Crowns are a cosmetic restoration used to strengthen a tooth or improve its shape. Crowns are most often used for teeth that are broken, worn, or partially destroyed by tooth decay.
Crowns are "cemented" onto an existing tooth and fully cover the portion of your tooth above the gum line. In effect, the crown becomes your tooth's new outer surface. Crowns can be made of porcelain, metal, or both. Porcelain crowns are most often preferred because they mimic the translucency of natural teeth and are very strong.
Crowns or onlays (partial crowns) are needed when there is insufficient tooth strength remaining to hold a filling. Unlike fillings which apply the restorative material directly into your mouth, a crown is fabricated away from your mouth. Your crown is created in a lab from your unique tooth impression which allows a dental laboratory technician to examine all aspects of your bite and jaw movements. Your crown is then sculpted just for you so that your bite and jaw movements function normally once the crown is placed.
What do I do for a cracked tooth?
You may have a very commonly occurring problem in one of your teeth. Teeth may crack when subjected to stress of chewing hard foods or ice or by biting on an unexpected hard object. Teeth with or without restorations may exhibit this problem, but teeth restored with typical silver alloy restorations are most susceptible.
Symptoms And Signs Are Some Or All Of The Following:
Pain on chewing
Pain on cold air application
Unsolicited pain (usually leakage of sugar into tooth crack)
No radiographic evidence of problem
Easy verification of crack when tooth is prepared for restoration
Treatment Of Cracked Teeth:
Simple Crack: The majority of cracked teeth (about 9 out of 10) can be treated by placement of a simple crown (cap) on the tooth. When the tooth is prepared for the crown and a temporary restoration is placed, the pain usually leaves immediately. If this is the case with your tooth, we will place the final crown without a problem on your next appointment and the condition should be solved.
Complex Crack: Occasionally (about 1 in 10) the tooth cracks into the pulp (nerve) of the tooth. If the pain persists after placement of the temporary crown you may have a crack into the pulp of the affected tooth. Please call our office! This tooth may require endodontics (root canal therapy) before the crown is placed. This requires about two additional appointments before the crown is placed.
How do I care for my temporary restoration?
The temporary must stay on. Your temporary is held on with strong cement. Occasionally, it may loosen or come off before it should. If this happens, the tooth may move, become sensitive or cause inflammation. Any of these conditions may prevent timely placement of the final restoration.
To Prevent Loosening. Be careful with biting and chewing foods. Avoid hard, tough, crunchy and/or sticky foods. Floss carefully. After gently positioning the floss between the teeth, merely pull the floss out through the side to avoid pulling up or down on the temporary.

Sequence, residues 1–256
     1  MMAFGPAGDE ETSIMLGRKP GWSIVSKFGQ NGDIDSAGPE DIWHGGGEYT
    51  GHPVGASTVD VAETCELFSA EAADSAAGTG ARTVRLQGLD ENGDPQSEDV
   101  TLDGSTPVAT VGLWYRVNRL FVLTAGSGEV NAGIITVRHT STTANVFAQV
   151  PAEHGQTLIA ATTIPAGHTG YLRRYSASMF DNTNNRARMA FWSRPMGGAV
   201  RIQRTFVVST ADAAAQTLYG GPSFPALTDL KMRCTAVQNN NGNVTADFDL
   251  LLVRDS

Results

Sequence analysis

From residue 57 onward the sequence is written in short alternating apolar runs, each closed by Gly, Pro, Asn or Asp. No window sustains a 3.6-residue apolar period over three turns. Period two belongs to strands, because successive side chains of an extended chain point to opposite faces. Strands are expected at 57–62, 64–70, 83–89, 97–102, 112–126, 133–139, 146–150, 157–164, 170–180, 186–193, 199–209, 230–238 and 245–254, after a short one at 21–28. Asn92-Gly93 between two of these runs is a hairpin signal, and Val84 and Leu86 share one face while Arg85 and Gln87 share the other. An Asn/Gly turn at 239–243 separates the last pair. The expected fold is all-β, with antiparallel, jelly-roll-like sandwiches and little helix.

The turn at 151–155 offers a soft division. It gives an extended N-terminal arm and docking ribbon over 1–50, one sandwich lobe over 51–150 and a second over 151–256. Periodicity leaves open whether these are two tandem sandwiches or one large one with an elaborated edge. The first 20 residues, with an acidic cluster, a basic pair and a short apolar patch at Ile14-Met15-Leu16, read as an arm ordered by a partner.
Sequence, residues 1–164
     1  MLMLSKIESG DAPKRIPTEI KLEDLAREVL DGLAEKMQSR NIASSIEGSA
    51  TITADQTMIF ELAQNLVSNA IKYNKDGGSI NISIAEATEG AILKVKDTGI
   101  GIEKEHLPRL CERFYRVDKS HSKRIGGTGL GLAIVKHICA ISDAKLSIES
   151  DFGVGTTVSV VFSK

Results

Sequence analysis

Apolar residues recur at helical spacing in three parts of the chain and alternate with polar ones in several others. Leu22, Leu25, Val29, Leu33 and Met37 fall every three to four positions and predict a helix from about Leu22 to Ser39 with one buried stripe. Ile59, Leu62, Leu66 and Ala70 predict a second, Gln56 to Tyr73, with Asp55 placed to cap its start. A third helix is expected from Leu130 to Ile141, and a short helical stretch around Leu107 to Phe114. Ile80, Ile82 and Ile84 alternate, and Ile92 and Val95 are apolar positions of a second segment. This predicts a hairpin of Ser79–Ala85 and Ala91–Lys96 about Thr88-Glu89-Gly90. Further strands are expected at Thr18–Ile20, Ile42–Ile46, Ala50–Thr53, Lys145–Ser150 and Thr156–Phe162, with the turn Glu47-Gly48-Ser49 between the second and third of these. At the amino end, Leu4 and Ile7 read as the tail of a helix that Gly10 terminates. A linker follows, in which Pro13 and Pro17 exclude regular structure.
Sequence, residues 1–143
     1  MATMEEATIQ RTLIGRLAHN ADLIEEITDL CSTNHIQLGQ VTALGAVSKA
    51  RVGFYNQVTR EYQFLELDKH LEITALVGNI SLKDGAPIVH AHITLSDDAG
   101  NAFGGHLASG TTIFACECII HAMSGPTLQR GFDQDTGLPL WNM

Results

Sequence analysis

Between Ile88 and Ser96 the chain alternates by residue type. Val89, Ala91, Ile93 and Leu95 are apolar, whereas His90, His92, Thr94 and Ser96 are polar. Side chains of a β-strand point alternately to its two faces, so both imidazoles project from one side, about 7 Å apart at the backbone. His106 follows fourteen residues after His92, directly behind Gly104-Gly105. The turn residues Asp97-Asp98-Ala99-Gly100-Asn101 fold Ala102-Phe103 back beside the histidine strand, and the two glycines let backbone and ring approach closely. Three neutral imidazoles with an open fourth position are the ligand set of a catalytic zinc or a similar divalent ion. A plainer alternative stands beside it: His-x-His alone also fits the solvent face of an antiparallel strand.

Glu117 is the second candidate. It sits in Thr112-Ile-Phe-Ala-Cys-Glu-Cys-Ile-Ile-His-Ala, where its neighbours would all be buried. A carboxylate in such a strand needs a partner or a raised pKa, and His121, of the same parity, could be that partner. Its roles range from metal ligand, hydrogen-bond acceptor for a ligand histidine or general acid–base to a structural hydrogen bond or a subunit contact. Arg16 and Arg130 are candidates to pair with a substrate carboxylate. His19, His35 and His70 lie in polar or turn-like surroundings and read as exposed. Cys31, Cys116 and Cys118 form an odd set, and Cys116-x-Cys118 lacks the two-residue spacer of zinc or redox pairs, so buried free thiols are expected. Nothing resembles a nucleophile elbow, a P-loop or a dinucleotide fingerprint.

What To Do If It Comes Off Or Breaks. Call us. We would like to re-cement or repair it for you in a timely manner. If you cannot come in, replace the temporary with finger pressure or secure it with a small amount of denture adhesive such as a Poli-Grip or Fixodent.
The Tissue Around Your Temporary Must Be Kept Very Clean and Healthy. Flossing and brushing are the most important things you can do to insure good tissue health. If you were prescribed chlorhexidine rinse, it was to improve the tissue health and to facilitate the placement of the final restoration. Dip your brush in a small amount of the solution; massage it into the tissue around the tooth for 20 seconds twice daily. You may also rinse with warm salt water for 2 to 3 days.
Normal Expectations. It is normal for you to expect some tenderness or soreness, but only for a few days. In most cases this can be controlled by over the counter analgesics such as Tylenol or Ibuprofen. Please call us if you experience any conditions that in your opinion seem to be out of the ordinary.
Using Soft Cement
The soft cement given to you is for re-cementing your provisional restoration (temporary). Please follow the directions carefully to obtain a satisfactory result.
Clean out any remaining cement from your provisional restoration.
Clean off any cement left on your tooth/teeth.
Place the provisional restoration on your tooth/teeth and bite on your back teeth to make sure it completely seats (not high).
Thoroughly dry the provisional restoration.
Remove equal amounts of cement from each vial. Place on a nonabsorbent surface, for example a saucer.
When ready, mix the two cements together to a uniform consistency and color. Do not let any water or saliva come in contact with the cement as this will cause the cement to set too fast.
Apply a thin layer of cement to the inside of the provisional restoration. With a paper towel, remove any excess saliva from your tooth/teeth, leaving them slightly moist. Immediately place the provisional restoration on your tooth/teeth. Bite on your back teeth for one minute until the cement hardens.
Open your mouth and clean off any excess cement from the provisional restoration and around the gums.
Clean up with rubbing alcohol and brush with toothbrush. DO NOT USE METHYL (WOOD) ALCOHOL. DO NOT USE INTERNALLY.